*     *     *     *    * 

“THE pilgrim’s description of the new Baptist Church in Paisley was virtually an attack on the tenets of a well-known and respected Christian body. With fundamental points of doctrine, out of which sects have arisen, ecclesiology surely has nothing to do. And the Glasgow Ecclesiological Society, if it is to fulfil the broad purposes for which it was originated, ought officially to disclaim sympathy with utterances so far beyond the limits of its real province. Bigotry can scarcely go farther, or make itself more grotesque, than when it mistakes for universal principles canons of ecclesiastical arrangement expressive merely of its own circumscribed doctrine, and applies them to the criticism of arrangements due to radically different inspirations. Grave fault must also be found with the conception that Gothic architecture is synonymous with Roman Catholicism. Except to those who are given over wholly to sentimental inference, Gothic architecture is known as the outcome of a long process of evolution from classic art. The process was unconscious; race had a vast deal to do with it; doctrine and dogma nothing whatever.” 

*     *     *     *     * 

“IT is to be feared that there still prevails a very general belief in witchcraft. The continued faith reposed with more or less seriousness in fortune-telling is not otherwise explainable. It is for the most part a mild and not very harmful faith, but it has unfortunately not lost its ancient possibilities of ferocity. The recent horrible Irish story shews that the survival of a superstition may, even in this boasted century, lead to murder. That at this time of day a woman should have been, with the slow torture of fire, put to death as a witch at the hands of active and in presence of a number of passive relatives is a terrible proof that much of our civilisation is only skin deep. The event is dreadful to think of; notwithstanding, the logic of human history makes it only too plain that ignorance and bigotry are bound to issue in brutality.”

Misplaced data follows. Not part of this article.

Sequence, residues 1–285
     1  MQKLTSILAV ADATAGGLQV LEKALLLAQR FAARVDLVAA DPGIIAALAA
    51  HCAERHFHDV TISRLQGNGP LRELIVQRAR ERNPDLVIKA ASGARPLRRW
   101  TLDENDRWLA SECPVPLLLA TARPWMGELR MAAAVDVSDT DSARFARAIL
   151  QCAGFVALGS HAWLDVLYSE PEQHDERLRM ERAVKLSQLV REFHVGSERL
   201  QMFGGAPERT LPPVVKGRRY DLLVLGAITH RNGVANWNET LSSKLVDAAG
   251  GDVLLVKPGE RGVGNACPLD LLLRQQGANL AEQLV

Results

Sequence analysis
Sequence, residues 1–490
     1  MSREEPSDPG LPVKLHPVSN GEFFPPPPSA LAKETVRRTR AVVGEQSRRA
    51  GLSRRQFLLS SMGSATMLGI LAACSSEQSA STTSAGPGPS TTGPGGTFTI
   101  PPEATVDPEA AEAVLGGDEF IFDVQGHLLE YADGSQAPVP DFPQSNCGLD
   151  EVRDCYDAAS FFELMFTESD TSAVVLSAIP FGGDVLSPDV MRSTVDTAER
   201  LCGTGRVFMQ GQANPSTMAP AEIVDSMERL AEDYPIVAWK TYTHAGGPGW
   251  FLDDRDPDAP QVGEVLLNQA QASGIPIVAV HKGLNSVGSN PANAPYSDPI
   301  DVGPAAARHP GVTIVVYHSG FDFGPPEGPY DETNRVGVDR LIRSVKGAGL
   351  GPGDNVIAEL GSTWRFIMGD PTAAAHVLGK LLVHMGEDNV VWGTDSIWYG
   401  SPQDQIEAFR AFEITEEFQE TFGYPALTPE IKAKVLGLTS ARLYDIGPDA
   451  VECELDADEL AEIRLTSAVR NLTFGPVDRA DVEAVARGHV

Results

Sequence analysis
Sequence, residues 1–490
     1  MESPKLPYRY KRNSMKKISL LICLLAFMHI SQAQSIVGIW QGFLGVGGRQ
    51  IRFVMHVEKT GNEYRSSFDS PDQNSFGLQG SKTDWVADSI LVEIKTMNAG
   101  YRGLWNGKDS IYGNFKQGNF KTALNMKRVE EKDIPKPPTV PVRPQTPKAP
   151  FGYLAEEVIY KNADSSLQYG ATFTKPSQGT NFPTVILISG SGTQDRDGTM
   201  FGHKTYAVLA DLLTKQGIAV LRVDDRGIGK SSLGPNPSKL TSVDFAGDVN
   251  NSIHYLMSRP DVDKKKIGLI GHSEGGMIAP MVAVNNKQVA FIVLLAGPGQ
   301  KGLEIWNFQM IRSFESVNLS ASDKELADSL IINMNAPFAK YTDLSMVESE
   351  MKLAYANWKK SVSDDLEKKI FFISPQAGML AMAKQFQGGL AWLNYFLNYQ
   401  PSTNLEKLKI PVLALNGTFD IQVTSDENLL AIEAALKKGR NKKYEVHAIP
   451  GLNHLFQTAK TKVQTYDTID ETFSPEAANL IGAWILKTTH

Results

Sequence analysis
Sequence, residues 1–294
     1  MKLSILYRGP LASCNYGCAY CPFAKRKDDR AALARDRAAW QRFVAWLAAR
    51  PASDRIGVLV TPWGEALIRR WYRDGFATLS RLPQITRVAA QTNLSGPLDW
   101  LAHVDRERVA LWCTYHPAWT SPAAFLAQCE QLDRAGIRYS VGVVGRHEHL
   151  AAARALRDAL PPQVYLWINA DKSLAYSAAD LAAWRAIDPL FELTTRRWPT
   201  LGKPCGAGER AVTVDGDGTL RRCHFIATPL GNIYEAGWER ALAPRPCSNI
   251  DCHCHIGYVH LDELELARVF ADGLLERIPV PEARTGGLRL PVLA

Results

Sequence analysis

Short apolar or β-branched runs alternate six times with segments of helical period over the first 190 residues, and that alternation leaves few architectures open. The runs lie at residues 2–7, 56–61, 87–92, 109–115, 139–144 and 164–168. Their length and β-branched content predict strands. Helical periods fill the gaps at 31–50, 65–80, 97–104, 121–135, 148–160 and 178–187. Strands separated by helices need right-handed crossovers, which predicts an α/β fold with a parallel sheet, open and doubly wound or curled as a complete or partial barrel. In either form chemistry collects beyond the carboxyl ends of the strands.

Newspaper Witch Burning 1

[The incident referred to in the above Journal entry.]

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“THE barefooted children to be seen in swarms any summer day in the country schools of Scotland have always stirred, somewhat unnecessarily it must be said, the sympathy of English tourists unaccustomed to such things, and regarding them as convincing evidences of poverty. As matter fact, of course, they are no such thing. Scores of middle-class children to this day regard it as a hardship that they are not allowed to imitate their humbler fellow pupils in rural schools by doffing their socks and “skelpin’ barefit ower the green.” The spectacle of people going barefoot to save the shoes and stockings carried in a bundle over the shoulder, is doubtless becoming rarer, as shewn in a paper read at Dumfries lately and reported elsewhere, but it has long been regarded as a national characteristic. The custom goes back at least to the 12th century, if we may trust Carlyle’s hero, Abbot Samson, who, when journeying homeward from Rome in 1183, donned, according to his own account, the garb of a Scot. It was the time of the schism between Pope Alexander and Pope Octavian, and there was grave danger attending the passage of an Englishman through territory subject to the sway of the Octavian faction. Hence the Scottish disguise adopted by Samson, who himself is recorded by Jocelin of Brakelond (ed. Camden Society, p. 35) as describing how he carried his old shoes on his shoulders in the manner of the Scots – et etiam sotulares veteres quos super humeros portavi as consuetudinem Scottorum. Not every national habit can lay claim to countenance so ancient and so respectable.”